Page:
Transparency in the Supply Chain: Eradicating Exploitation

By Carl Kish Co-Founder, STOKE Certified | September 06, 2015

Co-authored by Jess Ponting, Co-founder, Stoked Certified

Human and sex trafficking, otherwise known as modern day slavery, is still the fastest growing crime industry in the world. This type of exploitation in the workforce may not be at the forefront of every hotel executive's mind, but it needs to be considering hotels are the third most common venue for sex trafficking.

While Corporate Social Responsibility (CSR) progresses into the proverbial "business as usual" category thanks to the adoption of such legislative mandates from a number of countries, these laws do not specifically target human trafficking. These national CSR mandates can be seen as precursors to what California, and now the UK, have implemented to combat the 150 billion dollar forced labor industry.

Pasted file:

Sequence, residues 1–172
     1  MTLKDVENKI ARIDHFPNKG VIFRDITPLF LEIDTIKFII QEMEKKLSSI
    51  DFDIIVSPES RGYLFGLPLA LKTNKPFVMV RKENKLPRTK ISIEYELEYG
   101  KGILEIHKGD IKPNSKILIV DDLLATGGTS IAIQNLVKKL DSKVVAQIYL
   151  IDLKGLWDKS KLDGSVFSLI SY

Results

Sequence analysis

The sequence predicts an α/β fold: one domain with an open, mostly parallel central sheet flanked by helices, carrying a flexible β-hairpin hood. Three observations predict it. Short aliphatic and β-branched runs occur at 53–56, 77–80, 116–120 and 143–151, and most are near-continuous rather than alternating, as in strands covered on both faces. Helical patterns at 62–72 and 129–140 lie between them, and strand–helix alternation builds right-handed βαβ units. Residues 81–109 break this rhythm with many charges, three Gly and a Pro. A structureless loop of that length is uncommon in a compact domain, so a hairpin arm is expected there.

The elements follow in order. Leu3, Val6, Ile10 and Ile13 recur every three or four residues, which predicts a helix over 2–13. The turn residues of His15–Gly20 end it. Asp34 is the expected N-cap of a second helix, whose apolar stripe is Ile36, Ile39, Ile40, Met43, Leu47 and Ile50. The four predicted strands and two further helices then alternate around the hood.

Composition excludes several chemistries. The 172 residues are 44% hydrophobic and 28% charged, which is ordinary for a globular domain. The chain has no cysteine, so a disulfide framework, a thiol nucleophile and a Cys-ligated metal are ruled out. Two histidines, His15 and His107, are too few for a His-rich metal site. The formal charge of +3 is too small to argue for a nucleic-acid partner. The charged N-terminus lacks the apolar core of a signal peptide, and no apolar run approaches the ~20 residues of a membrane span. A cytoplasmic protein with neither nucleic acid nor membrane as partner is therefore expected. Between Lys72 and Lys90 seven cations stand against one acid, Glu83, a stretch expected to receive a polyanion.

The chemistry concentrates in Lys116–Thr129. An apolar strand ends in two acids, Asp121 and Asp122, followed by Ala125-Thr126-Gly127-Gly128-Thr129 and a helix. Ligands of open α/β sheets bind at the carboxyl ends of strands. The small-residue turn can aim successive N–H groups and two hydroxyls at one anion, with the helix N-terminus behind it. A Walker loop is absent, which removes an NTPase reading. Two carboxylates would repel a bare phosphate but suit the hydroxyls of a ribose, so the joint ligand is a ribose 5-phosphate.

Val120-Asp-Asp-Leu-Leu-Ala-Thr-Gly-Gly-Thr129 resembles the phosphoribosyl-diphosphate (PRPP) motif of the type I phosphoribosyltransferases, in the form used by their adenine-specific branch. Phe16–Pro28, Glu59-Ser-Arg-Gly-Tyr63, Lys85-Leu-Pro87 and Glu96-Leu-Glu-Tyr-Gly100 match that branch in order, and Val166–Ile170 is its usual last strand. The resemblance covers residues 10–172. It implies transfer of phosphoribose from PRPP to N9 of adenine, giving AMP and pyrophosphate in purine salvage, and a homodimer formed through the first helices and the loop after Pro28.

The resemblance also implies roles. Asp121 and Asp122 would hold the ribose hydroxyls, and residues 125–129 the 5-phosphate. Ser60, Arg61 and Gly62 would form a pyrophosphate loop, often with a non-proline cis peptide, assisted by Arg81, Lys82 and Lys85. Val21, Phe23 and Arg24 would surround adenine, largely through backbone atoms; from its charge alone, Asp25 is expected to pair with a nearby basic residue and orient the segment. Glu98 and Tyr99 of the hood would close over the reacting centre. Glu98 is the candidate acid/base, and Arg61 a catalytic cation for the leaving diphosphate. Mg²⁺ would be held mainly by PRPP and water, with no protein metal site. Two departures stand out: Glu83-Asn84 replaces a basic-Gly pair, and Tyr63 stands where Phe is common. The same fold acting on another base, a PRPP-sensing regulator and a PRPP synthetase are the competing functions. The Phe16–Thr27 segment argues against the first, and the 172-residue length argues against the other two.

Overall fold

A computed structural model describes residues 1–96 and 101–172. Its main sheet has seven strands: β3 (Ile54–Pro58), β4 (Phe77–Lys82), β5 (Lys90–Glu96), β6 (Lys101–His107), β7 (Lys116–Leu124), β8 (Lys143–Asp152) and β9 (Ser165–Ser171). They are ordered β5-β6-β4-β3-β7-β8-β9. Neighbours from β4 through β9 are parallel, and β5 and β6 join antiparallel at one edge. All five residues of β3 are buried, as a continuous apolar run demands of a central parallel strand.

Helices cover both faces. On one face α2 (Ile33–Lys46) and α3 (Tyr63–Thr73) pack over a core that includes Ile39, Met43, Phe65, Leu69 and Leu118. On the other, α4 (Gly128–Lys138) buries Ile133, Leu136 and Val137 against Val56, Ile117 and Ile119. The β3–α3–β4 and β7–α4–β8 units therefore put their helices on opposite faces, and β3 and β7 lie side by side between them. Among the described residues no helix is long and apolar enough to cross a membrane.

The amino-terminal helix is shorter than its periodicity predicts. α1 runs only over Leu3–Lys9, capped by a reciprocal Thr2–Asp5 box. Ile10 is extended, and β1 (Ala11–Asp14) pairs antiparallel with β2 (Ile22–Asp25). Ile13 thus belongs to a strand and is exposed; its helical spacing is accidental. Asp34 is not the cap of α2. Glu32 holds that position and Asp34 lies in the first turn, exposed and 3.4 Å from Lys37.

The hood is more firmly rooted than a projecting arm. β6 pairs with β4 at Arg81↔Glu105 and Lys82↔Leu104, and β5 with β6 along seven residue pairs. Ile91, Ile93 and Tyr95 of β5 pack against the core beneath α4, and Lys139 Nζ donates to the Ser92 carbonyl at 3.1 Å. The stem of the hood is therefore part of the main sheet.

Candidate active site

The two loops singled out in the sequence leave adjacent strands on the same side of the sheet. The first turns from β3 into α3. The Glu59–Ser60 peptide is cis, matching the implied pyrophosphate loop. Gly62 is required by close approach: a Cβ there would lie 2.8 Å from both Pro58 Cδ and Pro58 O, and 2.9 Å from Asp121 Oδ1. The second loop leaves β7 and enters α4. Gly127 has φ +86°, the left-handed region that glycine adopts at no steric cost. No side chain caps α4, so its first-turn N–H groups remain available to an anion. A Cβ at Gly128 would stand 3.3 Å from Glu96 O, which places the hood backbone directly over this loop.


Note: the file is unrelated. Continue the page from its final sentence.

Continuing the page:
California set the precedent with the Transparency in Supply Chain Act (TISCA) which came into effect January 2012. TISCA requires businesses in CA with more than $100 million in annual revenue to disclose exactly how they are eliminating slavery and human trafficking in their supply chains. Specifically, a business must communicate to what extent it:

  1. "Engages in verification of product supply chains to evaluate and address risks of human trafficking and slavery.

  2. Conducts audits of suppliers.

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